The cult that released sarin nerve gas in Tokyo’s subway system in 1995 is fighting a vicious internal battle, with observers warning that if the fundamentalist faction wins then the infamous Aum Shinrikyo will again pose a threat.
He still wields enormous influence in the organisation, however, and his diehard supporters are demanding that despite the cult’s name being changed to Aleph, they remain true to Asahara’s apocalyptic teachings.
Leading sect member Fumihiro Joyu, on the other hand, preaches a more pragmatic line and is calling for the group to recognise the mistakes it made in the past, apologise for them and move on.
He has even suggested that the cult travel around Japan promoting its activities.
“Joyu is a pragmatist and he realises that Aum cannot continue unless they admit the crimes of Asahara, but he faces a large number of members who are fundamentalists,” said journalist Shoko Egawa, who was hospitalised when an unidentified gas was released in her apartment by cult followers in 1994 after she wrote a series of critical articles.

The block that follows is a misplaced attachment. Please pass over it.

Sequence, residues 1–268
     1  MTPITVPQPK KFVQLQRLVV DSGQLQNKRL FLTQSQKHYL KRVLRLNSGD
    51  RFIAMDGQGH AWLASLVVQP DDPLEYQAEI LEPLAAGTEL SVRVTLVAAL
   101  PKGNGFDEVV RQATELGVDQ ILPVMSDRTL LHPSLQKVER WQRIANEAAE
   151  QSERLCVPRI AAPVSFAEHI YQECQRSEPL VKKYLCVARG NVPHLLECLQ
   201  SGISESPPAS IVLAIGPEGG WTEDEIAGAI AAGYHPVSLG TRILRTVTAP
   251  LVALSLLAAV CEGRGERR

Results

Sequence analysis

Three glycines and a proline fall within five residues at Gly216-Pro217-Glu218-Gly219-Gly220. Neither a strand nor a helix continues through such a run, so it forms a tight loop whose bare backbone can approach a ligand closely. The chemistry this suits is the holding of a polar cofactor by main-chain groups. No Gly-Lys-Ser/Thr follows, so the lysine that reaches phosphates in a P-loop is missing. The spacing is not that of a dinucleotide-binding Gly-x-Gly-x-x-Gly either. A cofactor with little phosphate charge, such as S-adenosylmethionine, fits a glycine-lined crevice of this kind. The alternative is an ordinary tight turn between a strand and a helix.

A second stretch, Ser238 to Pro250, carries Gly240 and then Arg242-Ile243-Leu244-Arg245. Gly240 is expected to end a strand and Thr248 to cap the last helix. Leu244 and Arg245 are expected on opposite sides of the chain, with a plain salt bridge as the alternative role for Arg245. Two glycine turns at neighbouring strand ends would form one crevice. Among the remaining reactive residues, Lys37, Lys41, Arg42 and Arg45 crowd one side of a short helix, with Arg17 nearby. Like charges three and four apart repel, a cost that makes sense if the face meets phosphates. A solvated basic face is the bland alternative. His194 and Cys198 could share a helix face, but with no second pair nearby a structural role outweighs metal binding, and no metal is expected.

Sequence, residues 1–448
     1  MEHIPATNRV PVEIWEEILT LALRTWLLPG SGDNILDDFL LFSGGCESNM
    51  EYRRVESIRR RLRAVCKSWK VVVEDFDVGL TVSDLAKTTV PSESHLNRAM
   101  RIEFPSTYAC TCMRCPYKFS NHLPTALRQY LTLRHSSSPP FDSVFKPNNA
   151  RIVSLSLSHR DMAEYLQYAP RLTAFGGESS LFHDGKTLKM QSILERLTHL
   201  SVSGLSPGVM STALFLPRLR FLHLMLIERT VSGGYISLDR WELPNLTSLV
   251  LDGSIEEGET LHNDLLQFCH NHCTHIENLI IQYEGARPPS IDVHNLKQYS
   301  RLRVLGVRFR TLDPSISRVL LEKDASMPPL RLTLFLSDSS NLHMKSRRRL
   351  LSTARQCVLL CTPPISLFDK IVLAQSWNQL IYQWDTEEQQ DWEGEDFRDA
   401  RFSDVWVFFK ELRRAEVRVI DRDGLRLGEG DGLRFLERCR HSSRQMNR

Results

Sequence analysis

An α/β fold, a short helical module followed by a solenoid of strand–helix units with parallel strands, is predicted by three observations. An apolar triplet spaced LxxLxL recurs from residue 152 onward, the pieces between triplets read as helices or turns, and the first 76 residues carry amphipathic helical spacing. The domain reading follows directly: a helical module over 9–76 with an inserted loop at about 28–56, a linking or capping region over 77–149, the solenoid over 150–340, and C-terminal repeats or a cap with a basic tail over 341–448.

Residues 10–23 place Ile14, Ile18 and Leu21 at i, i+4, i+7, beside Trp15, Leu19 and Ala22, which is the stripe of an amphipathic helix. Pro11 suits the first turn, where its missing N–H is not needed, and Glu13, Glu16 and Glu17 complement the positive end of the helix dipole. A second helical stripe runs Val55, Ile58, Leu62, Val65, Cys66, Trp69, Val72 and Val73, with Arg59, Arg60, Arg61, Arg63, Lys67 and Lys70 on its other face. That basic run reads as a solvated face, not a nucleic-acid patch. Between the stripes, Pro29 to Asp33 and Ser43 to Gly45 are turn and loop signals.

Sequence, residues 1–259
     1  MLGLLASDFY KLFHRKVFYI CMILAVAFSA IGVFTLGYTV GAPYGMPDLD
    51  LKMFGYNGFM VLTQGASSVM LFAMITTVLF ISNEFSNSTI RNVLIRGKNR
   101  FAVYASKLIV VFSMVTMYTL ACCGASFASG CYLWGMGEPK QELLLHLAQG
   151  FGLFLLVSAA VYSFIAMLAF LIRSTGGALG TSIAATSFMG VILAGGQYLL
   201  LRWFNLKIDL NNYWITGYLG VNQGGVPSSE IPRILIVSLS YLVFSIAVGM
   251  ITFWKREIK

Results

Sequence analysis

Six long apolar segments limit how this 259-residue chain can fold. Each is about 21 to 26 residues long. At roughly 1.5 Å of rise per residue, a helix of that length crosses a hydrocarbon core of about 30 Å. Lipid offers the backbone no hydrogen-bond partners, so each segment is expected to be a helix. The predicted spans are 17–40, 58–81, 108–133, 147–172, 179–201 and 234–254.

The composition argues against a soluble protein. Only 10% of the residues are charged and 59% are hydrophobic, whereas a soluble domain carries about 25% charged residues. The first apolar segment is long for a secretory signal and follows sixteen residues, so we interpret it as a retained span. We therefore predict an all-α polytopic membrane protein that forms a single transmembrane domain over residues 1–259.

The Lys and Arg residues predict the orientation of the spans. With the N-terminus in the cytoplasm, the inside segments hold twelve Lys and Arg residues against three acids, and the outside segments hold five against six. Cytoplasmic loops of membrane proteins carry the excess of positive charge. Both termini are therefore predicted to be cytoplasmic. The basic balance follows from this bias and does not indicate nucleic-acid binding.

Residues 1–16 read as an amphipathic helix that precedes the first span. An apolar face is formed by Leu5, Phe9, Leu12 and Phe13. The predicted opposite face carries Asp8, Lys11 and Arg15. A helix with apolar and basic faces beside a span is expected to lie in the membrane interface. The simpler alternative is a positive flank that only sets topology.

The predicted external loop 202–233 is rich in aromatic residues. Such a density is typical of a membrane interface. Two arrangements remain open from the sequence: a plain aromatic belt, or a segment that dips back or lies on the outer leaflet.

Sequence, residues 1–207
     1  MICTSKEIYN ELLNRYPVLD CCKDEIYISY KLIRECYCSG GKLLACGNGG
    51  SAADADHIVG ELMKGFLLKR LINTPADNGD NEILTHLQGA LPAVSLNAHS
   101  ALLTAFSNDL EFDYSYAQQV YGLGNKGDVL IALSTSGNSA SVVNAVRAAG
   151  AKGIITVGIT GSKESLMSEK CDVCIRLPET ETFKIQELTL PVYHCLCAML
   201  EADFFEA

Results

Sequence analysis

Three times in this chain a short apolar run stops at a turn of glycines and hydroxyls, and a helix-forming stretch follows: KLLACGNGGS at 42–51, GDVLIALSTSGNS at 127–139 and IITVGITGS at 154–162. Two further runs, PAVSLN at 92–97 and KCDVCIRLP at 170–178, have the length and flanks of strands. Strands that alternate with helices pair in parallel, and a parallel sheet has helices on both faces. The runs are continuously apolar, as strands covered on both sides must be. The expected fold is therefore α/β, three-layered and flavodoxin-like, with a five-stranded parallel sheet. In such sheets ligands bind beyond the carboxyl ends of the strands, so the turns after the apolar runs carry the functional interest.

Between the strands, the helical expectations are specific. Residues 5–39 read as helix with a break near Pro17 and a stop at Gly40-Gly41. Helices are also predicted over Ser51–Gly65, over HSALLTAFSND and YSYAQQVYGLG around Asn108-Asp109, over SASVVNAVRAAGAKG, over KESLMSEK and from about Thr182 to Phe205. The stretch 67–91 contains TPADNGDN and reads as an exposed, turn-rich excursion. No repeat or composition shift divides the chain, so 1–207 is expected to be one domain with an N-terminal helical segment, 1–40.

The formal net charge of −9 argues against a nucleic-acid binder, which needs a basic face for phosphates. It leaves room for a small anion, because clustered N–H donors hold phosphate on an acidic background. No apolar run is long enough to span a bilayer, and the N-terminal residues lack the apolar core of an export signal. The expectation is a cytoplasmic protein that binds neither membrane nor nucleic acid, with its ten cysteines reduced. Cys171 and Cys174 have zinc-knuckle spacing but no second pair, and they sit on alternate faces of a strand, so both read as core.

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Taking a break?
“The Joyu group is not so large, but it is waging a very aggressive campaign to persuade the third faction in the cult – those who are undecided – to join them,” she said.
“The fundamentalists have links with Asahara’s family and want his children to take over his role in the cult,” she added.
“I hope the cult disappears in the next few years and even though I do not fear for my own safety any more, I am concerned that if the fundamentalist faction takes control then it will pose a threat to Japanese society.”
The Metropolitan Public Security Department has also expressed concern over the possibility of the war of words between the two main cult factions spilling over into violence.